According to The Register, software to control your batter charger via your PC (for whatever reason you may want to do such a thing) has included a back-door which allows for "sending files to the remote attacker or downloading other strains of malware, as instructed via commands on a back channel controlled by hackers" since 2007.
Sure, most people don't care what runs on their PC or where it came from; if you need to go to www.
Here's their press report: http://phx.corporate-ir.net/phoenix.zhtml?c=124138&p=irol-newsArticle&ID=1399675
There is simply no way to validate what happened in the development process of this code, how developers were contracted, who worked on what, how, and why.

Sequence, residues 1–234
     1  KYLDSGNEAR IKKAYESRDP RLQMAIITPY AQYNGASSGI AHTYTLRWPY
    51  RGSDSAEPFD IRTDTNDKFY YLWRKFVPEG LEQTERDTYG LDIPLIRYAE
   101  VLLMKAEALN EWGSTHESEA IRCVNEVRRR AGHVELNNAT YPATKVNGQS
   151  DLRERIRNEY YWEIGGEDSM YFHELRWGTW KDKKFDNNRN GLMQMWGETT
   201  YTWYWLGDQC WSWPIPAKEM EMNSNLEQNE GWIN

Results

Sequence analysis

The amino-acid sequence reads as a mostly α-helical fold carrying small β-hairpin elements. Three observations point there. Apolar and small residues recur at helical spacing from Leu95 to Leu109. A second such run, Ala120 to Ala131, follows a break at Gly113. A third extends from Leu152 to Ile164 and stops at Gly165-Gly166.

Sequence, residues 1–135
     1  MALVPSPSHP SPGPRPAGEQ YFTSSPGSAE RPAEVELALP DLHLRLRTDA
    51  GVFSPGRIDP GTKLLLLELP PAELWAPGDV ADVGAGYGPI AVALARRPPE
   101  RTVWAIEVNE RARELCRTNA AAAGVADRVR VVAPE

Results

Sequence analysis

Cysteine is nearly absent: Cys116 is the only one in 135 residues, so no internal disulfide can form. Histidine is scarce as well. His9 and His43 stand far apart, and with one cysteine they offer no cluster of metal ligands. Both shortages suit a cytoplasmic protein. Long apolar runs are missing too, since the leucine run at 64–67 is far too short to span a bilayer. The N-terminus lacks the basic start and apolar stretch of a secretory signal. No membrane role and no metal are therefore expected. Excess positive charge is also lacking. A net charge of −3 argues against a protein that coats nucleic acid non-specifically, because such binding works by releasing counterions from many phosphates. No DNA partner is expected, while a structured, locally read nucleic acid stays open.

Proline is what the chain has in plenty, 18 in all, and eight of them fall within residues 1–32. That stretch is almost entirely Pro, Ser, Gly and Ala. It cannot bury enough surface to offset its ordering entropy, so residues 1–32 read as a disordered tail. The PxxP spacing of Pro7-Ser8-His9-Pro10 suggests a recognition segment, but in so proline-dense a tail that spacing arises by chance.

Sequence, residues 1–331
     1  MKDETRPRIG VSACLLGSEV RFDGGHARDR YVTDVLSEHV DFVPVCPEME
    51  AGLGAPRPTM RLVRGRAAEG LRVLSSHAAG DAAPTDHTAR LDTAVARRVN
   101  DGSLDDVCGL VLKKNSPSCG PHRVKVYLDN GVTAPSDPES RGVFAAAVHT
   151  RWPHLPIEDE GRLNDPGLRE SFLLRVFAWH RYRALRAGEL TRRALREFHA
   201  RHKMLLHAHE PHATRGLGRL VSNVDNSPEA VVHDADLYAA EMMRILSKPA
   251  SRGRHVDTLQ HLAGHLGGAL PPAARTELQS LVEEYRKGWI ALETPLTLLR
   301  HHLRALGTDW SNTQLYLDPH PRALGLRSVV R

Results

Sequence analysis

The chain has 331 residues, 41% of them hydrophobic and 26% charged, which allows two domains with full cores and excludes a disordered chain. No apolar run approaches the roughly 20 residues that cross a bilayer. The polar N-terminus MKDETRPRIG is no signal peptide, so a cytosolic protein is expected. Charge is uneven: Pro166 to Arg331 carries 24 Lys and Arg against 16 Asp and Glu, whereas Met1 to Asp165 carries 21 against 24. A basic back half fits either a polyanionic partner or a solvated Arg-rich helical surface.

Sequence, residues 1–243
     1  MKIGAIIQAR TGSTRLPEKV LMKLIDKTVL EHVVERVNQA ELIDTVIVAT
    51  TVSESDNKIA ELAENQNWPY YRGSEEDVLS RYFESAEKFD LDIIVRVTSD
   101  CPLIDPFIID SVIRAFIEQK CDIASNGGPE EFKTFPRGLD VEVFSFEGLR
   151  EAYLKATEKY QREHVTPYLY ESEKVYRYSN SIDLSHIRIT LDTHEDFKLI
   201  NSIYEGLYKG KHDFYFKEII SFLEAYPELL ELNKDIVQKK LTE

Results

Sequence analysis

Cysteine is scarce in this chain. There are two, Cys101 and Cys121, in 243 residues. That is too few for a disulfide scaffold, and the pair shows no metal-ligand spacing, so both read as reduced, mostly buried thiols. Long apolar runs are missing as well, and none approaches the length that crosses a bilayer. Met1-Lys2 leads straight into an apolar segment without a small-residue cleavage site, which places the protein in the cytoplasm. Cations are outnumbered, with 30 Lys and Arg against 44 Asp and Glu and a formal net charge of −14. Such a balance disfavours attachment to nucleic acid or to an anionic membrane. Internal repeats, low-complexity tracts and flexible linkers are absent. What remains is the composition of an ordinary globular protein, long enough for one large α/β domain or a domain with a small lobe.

Compare this with (say) the Debian GNU/Linux distribution - planet.debian.org contains most of the packagers/developers' grumbles, debian.org/bugs contains the reported bugs, packages.debian.org contains links to source and binary packages included in the distribution - if you want to know what it does, you can find out.
I don't understand the concept that simpler is better when such things are involved - I don't know about you, but some of my PCs store personal financial information, information about customers and their server configurations - all sorts of things that I must not let some random employee of a battery company get their hands on.
Due Diligence must surely require running Free / Open Source Software. This is simply yet another example of this tautology.
Proprietary software has its place (until the revolution, comrades!), but it must come from trusted sources who can certify their work, and will take responsibility for such unforeseen side-effects.
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